The Red Cross, which came into being in 1863, is another club with core values worthy of imbibing. Jean Henri Dunant, the man who spearheaded the formation of the organisation, was influenced by the horrific feelings and pity he had as he viewed the awful sight of human suffering at the battle of Solferino in 1859. With the help of the villagers at Castiglione, Dunant worked tirelessly for three days, giving comfort and care to the injured. It is, therefore, not surprising that the very nature of the club impels its members to help the distressed and the unfortunate and to be concerned about social work. What the society so dearly needs these days is a strong commitment to care giving. This is what the Red Cross epitomizes. And this is what the Lagos State government wants to inculcate in its youngsters by offering them the platform to freely belong to this dignified society with a noble cause.
In a nutshell, all the clubs parade core values that could help youngsters stand out in an increasingly competitive world. The recurring features of all these organisations is the development of the minds and bodies of youngsters, teaching them skills, the value and virtue of service, integrity, honesty, dignity, compassion for fellow human beings and preparing them for future leadership tasks. It is a well acknowledged reality that the youths possess the strength and creativity that could help in nation building. Usually, however, if the prevailing condition in a society does not offer them the needed platform to channel their bursting energy into positive use, they could be tempted to embrace rebellious predisposition.
It is in order to help the youths put their energy into good use that the state government is encouraging them to take advantage of the platforms provided by these clubs. It is the conviction of the state government that our children deserve the best and government is determined to do so. In order not to leave any child behind in this renewed attempt at building a virile youth, government and its partners provided students with the clubs’ uniforms at no cost.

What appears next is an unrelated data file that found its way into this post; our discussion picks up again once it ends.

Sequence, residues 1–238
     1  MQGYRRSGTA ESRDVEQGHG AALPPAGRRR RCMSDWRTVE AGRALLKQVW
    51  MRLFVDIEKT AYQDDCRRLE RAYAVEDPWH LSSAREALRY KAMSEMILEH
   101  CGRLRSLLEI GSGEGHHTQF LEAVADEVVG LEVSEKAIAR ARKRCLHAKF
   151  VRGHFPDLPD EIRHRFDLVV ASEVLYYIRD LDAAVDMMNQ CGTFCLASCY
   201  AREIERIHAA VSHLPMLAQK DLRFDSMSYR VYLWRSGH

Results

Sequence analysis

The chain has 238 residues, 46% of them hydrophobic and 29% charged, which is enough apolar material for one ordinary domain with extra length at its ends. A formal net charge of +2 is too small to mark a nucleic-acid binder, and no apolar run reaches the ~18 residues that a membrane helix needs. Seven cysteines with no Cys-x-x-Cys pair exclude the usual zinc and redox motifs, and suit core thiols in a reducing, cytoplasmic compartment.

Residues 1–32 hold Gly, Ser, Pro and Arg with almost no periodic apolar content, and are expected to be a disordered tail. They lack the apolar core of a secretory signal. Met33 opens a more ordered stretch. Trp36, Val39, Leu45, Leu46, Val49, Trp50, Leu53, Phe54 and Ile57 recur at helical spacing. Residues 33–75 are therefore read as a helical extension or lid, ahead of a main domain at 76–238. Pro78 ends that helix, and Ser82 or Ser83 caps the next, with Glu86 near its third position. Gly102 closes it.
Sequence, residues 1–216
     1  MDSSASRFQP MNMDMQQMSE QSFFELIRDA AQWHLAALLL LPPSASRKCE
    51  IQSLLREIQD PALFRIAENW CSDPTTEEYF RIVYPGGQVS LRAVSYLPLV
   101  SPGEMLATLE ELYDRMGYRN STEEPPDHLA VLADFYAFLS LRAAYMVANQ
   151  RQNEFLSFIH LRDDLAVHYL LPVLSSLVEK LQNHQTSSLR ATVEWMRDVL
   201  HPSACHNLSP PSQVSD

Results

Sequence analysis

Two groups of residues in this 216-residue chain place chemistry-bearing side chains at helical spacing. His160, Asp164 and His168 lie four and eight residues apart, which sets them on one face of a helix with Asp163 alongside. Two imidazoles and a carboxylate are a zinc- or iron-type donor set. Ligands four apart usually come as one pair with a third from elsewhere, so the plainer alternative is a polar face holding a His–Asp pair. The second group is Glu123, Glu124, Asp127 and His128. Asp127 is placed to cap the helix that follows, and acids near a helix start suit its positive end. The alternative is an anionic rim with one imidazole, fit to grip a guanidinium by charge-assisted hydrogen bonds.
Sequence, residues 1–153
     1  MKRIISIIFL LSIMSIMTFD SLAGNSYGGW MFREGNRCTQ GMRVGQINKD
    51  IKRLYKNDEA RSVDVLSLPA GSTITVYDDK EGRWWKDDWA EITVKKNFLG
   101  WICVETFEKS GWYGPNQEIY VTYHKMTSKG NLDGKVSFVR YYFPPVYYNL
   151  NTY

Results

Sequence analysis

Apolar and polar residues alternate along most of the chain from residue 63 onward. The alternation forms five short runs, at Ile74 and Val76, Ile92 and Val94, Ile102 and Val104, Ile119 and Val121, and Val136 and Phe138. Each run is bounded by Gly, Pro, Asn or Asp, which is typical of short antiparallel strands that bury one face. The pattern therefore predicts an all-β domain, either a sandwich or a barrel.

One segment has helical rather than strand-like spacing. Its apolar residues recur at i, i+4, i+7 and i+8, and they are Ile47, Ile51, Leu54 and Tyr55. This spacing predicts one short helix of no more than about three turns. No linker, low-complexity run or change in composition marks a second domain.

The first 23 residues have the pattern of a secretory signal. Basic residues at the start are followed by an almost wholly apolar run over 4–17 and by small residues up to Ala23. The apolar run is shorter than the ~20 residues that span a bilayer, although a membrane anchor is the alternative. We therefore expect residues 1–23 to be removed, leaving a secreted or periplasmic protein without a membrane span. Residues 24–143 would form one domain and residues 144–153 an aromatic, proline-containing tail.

The most important obligation of any government to the younger ones is that of preparing them for future leadership role. Globally, there is a decline in the quality of leadership. This explains why we often resort to leaders of yesteryear at most discourses on leadership. There is, therefore, an urgent need to raise a new generation of leaders. This is what the Lagos state government hopes to achieve through the re-launch of the Uniformed Volountary Clubs. Responsible leaders like Nelson Mandela excelled because they learned to take responsibilities for themselves before being able to be responsible unto the society. That is why he could forgo his freedom in order to free his people. It is only those who could effectively look after themselves that could be entrusted with the task of looking after others. It is that simple. This is what is required of today’s younger people. This is what Lagos is working to imbue in them. This is what the society needs.